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Cyril Sermon (@admin)
10 months ago

Using Resources

As well as the resources you create, Android supplies several system resources that you can use in your applications. The resources can be used directly from your application code and can also be referenced from within other resources (e.g., a dimension resource might be referenced in a layout definition).

Later in this chapter, you’ll learn how to define alternative resource values for different languages, loca-tions, and hardware. It’s important to note that when using resources you cannot choose a particular specialized version. Android will automatically select the most appropriate value for a given resource identifier based on the current hardware and device settings.

Using Resources in Code

You access resources in code using the static R class. R is a generated class based on your external resources and created by compiling your project. The R class contains static subclasses for each of the resource types for which you’ve defined at least one resource. For example, the default new project includes the R.string and R.drawable subclasses.

If you are using the ADT plug-in in Eclipse, the R class will be created automatically when you make any change to an external resource file or folder. If you are not using the plug-in, use the AAPT tool to compile your project and generate the R class. R is a compiler-generated class, so don’t make any manual modifications to it as they will be lost when the file is regenerated.

Each of the subclasses within R exposes its associated resources as variables, with the variable names matching the resource identifiers — for example,




The value of these variables is a reference to the corresponding resource’s location in the resource table, not an instance of the resource itself.

Where a constructor or method, such as setContentView, accepts a resource identifier, you can pass in the resource variable, as shown in the code snippet below:

Inflate a layout resource. setContentView(R.layout.main);

Display a transient dialog box that displays ther Error message string resource.

Toast.makeText(this, R.string.app_error, Toast.LENGTH_LONG).show();

When you need an instance of the resource itself, you’ll need to use helper methods to extract them from the resource table, represented by an instance of the Resources class.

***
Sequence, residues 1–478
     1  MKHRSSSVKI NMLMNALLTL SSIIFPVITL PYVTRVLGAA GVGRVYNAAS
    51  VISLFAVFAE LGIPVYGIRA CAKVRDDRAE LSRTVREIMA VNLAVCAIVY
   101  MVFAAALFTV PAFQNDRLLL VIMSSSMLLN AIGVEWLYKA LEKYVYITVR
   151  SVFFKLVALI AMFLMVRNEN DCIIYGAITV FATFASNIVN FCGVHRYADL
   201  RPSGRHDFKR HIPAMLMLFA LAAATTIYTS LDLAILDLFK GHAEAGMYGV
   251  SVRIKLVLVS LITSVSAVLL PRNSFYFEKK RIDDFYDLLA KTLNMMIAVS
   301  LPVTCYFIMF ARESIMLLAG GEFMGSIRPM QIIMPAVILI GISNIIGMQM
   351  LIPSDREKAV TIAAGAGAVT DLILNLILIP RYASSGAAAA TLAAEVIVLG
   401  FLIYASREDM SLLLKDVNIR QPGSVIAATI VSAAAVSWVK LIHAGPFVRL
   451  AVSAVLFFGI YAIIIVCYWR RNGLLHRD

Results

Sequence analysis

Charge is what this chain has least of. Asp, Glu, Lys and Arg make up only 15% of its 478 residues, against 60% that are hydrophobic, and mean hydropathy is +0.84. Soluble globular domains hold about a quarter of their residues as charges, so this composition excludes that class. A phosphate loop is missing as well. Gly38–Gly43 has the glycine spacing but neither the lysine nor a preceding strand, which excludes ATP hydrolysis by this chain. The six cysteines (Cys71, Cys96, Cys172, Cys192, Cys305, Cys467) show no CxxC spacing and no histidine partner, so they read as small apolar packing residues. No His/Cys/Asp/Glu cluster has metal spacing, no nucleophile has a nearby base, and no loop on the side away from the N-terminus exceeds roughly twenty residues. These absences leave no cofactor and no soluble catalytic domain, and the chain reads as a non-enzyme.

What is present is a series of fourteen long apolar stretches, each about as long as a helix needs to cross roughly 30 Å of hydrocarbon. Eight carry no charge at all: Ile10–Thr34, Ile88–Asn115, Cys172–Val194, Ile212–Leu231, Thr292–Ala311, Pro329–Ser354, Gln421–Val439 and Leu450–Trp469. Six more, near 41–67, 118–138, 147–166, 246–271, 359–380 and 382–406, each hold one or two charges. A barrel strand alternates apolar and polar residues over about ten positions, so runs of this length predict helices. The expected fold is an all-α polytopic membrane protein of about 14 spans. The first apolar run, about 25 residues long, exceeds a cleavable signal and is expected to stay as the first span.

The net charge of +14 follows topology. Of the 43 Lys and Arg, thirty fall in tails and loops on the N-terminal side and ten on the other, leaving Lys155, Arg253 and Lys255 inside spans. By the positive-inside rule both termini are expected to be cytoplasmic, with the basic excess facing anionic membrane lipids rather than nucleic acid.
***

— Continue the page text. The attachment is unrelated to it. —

Because these methods perform lookups on the application’s resource table, these helper methods can’t be static. Use the getResources method on your application context as shown in the snippet below to access your application’s Resource instance:

Resources myResources = getResources();

The Resources class includes getters for each of the available resource types and generally works by passing in the resource ID you’d like an instance of. The following code snippet shows an example of using the helper methods to return a selection of resource values:

Resources myResources = getResources();

CharSequence styledText = myResources.getText(R.string.stop_message); Drawable icon = myResources.getDrawable(R.drawable.app_icon);

int opaqueBlue = myResources.getColor(R.color.opaque_blue);

float borderWidth = myResources.getDimension(R.dimen.standard_border);

Animation tranOut;

tranOut = AnimationUtils.loadAnimation(this, R.anim.spin_shrink_fade);

String[] stringArray;

stringArray = myResources.getStringArray(R.array.string_array);

int[] intArray = myResources.getIntArray(R.array.integer_array);

Frame-by-frame animated resources are inflated into AnimationResources. You can return the value using getDrawable and casting the return value as shown below:

AnimationDrawable rocket;

rocket = (AnimationDrawable)myResources.getDrawable(R.drawable.frame_by_frame);

|At the time of going to print, there is a bug in the AnimationDrawable class. Currently, AnimationDrawable resources are not properly loaded until |some time after an Activity’s onCreate method has completed. Current work-arounds use timers to force a delay before loading a frame-by-frame |resource.

Referencing Resources in Resources

You can also reference resources to use as attribute values in other XML resources.

This is particularly useful for layouts and styles, letting you create specialized variations on themes and localized strings and graphics. It’s also a useful way to support different images and spacing for a layout to ensure that it’s optimized for different screen sizes and resolutions.

To reference one resource from another, use @ notation, as shown in the following snippet:


Android will assume you’re using a resource from the same package, so you only need to fully qualify the package name if you’re using a resource from a different package.

The following snippet creates a layout that uses color, dimension, and string resources:

<?xml version=”1.0” encoding=”utf-8”?>















Using System Resources

The native Android applications externalize many of their resources, providing you with various strings, images, animations, styles, and layouts to use in your applications.

Accessing the system resources in code is similar to using your own resources. The difference is that you use the native android resource classes available from android.R, rather than the application-specific R class. The following code snippet uses the getString method available in the application context to retrieve an error message available from the system resources:

CharSequence httpError = getString(android.R.string.httpErrorBadUrl);

To access system resources in XML, specify Android as the package name, as shown in this XML snippet:




android:layout_height=”wrap_content” android:text=”@android:string/httpErrorBadUrl” android:textColor=”@android:color/darker_gray”